Weekly Edgework #96 - May 29, 2006

First Things First

But seek first his kingdom and his righteousness and all these things will be given to you as well. (Matthew 6:33)

We settle for niceness and usefulness and busyness instead of for holiness; we settle for plausibility and eloquence instead of truth. (Frederich Buechner)

Putting “first things first” is an idea that sounds good. It’s the kind of notion that fits well into a homily given at a youth meeting or an address at graduation. It seems to be such a practical piece of advice. Logical even. First you listen to a question, then you answer it. First you read the instructions, then you assemble your new gismo. First you open the door, then you walk through it. It all seems so sensible that one would think nothing more needs to be said on the subject.

Yet taking shortcuts seems to be bred into our species. We tend to skip over “first” things and begin with the second or third things – hoping that we can fill in the blanks later. Or thinking perhaps that in the end “first” things are not all that important and we can well do without them. Call it jump-starting a process, by-passing recommendations, saving time, or finding an alternative route with fewer hassles, my breed seems intent on avoiding things that should come first.

Focusing on first things can be hard work. I have spent more than a week now preparing my garden for planting. Two successive wet years convinced me the garden needed raising. As well I needed to do a lot of edgework since the grass had in these years made a successful foray toward the center of the garden. This work is not a lot of fun. The only reason I keep at it is the knowledge that without it I will not likely have a successful garden this year. Just rushing out to plant my garden on the first warm day of spring would simply not have been a good idea.

Sometimes it is hard, in any given context, to determine what is the first thing one should do. Often one realizes too late that what one considered to be of first importance was in fact something ancillary to what really mattered. And this is our story. All of us have been there. Life comes rushing at us so quickly that we don’t have time, it seems, to sort things out properly before acting or speaking. All of us have woken up at some time or other to the sinking feeling that we have missed the “first” point. And we find it to be a sad and even discouraging day. But if we are not too proud or stubborn to admit the truth, such an experience in life can also be the dawn of a new day – a day in which we discover in a more profound way the necessity of putting first things first.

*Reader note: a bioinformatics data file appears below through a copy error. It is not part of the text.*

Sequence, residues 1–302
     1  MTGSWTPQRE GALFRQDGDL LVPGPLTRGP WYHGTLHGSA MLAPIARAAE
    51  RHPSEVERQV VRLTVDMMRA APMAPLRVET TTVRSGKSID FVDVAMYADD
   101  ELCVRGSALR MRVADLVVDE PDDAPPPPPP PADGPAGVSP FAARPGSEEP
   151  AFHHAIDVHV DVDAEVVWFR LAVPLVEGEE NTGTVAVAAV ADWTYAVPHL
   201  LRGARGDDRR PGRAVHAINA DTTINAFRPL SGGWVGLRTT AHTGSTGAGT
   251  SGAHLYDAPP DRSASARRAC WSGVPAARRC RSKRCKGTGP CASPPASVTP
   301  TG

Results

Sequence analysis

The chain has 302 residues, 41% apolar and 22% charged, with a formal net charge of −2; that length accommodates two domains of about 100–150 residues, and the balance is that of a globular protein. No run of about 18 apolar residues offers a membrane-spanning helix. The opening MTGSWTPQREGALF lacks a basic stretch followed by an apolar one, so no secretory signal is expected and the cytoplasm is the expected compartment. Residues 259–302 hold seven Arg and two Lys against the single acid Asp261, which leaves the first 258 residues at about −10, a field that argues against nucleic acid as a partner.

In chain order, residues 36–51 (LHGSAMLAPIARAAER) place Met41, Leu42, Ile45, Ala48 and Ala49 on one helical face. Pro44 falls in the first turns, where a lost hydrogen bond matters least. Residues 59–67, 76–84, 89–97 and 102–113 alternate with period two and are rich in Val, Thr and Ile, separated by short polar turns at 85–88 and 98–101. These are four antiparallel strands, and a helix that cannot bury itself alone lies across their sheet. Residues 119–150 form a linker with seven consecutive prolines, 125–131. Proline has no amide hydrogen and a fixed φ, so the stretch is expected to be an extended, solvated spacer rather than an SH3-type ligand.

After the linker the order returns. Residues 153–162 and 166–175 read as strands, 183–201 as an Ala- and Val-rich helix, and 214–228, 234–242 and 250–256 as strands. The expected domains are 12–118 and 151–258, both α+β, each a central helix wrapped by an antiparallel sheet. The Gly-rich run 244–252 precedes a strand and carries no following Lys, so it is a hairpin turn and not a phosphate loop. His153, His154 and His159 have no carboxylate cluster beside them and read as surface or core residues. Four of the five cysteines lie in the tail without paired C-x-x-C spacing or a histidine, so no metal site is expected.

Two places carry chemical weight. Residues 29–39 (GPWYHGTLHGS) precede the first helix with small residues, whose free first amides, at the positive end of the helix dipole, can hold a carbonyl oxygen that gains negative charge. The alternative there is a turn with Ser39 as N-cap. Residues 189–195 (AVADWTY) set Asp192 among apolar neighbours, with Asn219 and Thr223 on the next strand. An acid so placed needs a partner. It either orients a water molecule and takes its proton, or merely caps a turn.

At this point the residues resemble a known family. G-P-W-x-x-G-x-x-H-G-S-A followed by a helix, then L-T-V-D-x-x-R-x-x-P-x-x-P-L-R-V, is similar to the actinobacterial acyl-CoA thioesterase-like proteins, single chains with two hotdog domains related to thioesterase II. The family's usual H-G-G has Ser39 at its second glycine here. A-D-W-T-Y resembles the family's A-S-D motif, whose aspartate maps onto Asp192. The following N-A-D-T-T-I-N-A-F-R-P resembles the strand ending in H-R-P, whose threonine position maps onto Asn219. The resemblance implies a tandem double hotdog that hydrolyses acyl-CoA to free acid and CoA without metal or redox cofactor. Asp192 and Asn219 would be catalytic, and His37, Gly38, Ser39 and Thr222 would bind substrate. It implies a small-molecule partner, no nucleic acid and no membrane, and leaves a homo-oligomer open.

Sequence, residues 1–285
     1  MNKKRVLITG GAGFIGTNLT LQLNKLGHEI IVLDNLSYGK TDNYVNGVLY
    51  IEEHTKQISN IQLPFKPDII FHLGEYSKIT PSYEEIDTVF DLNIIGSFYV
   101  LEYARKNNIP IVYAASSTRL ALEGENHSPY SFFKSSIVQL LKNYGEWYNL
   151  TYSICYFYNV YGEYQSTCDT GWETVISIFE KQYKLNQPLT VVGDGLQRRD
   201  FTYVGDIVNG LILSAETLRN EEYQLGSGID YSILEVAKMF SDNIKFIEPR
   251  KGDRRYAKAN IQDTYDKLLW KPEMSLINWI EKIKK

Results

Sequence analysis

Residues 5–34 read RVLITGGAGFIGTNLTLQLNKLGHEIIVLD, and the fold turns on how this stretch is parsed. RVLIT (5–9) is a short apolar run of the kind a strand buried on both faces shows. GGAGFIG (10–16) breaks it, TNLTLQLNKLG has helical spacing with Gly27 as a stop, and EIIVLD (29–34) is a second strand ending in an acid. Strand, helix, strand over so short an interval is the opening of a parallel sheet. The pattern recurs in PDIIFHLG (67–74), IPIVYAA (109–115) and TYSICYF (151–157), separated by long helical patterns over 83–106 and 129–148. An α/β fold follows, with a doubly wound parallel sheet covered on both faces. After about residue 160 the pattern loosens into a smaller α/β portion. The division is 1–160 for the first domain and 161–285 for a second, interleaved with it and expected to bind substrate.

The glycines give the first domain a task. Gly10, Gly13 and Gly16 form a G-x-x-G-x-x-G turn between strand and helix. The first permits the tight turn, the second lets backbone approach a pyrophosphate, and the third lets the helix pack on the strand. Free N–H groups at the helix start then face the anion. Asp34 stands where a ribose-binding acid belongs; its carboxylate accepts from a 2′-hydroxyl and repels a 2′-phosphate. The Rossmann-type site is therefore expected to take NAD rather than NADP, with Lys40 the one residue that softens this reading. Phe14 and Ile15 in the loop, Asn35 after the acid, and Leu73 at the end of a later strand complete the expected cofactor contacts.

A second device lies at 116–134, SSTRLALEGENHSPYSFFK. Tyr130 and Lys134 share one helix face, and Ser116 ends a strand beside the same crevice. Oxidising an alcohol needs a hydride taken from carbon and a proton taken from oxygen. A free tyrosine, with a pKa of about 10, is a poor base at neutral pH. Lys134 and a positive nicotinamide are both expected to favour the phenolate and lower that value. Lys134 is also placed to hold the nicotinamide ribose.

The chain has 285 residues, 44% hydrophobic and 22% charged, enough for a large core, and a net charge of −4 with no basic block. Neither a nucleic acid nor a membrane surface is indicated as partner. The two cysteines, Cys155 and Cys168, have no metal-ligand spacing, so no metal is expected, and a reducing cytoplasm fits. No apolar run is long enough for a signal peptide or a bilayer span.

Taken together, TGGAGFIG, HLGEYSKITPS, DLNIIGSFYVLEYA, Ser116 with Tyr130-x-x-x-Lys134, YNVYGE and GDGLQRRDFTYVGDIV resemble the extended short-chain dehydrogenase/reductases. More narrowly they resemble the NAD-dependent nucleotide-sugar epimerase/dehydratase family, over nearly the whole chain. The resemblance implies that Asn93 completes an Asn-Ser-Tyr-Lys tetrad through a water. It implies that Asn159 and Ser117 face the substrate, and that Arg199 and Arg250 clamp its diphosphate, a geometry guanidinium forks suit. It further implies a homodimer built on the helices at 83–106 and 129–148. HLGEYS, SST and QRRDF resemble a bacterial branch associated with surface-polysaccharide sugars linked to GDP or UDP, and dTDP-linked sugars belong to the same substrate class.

For many of us the idea of “seeking first the kingdom of God”, or as Buechner says it “seeking holiness and truth” is more a cliché than an actual, personal quest. While it may still take a lot of effort, it is a whole lot easier simply to be polite, helpful and industrious than to be holy – that is to line up our lives with the magnetic pull of God’s desire for this world. And it is less work to set our sites on what is practical and make eloquent speeches about our own projects than to pursue truth – whatever the cost. Unfortunately too many people take the easy way out only to realize in one fateful moment, as they pound their way from third base to home, that they in fact missed first base. That all their well-intentioned effort will count for very little in the end.

I am no longer surprised, although still pained, to encounter people of faith who have never experienced the wild exhilaration that comes with a reckless abandon of all secondary concerns in search of holiness and truth as a matter of first priority. To live, at least for a time, with such a singularity of focus that all other normal activities and pursuits create only a shadowy backdrop for such an all-consuming, personal quest. In his book, “Experiment in Autobiography,” H. G. Wells describes accurately what persons experience when they truly seek “first things first.”

The everyday things of life become subordinate to these wider interests which have taken hold of them, and they continue to value everyday things, personal affections and material profit and loss, only in so far as they are ancillary to the newer ruling system of effort, and to evade or disregard them in so far as they are antagonistic or obstructive to that…We are like amphibians, so to speak, struggling out of the waters that have hitherto covered our kind, into the air, seeking to breathe in a new fashion and emancipate ourselves from long accepted and long unquestioned necessities. At last it becomes for us a case of air or nothing.

Air or nothing! Holiness or nothing! Truth or nothing! This all sounds too desperate and passionate in a culture that idolizes self-fulfillment and staying safe. But that is the kind of ardor that is needed in our time of monumental cultural and societal shifts. It will not do for our preachers and teachers to keep repeating the mantras they have learned in the 20th century. Words of life and hope for this generation will not be found in the incantations formulated and promulgated in the age of modernity. At least some of us need to abandon all secondary matters in search of holiness and truth that generates life in our postmodern world.

Perhaps, more than anything, I have in the preceding words given expression to what my life consists of these days. While I realize that I must continue to carry out my domestic and civil responsibilities, I have come to the place where all of these are subordinate to my on-going quest to find holiness and truth that will connect with the real world – not only in my heart and on my street, but also around the globe.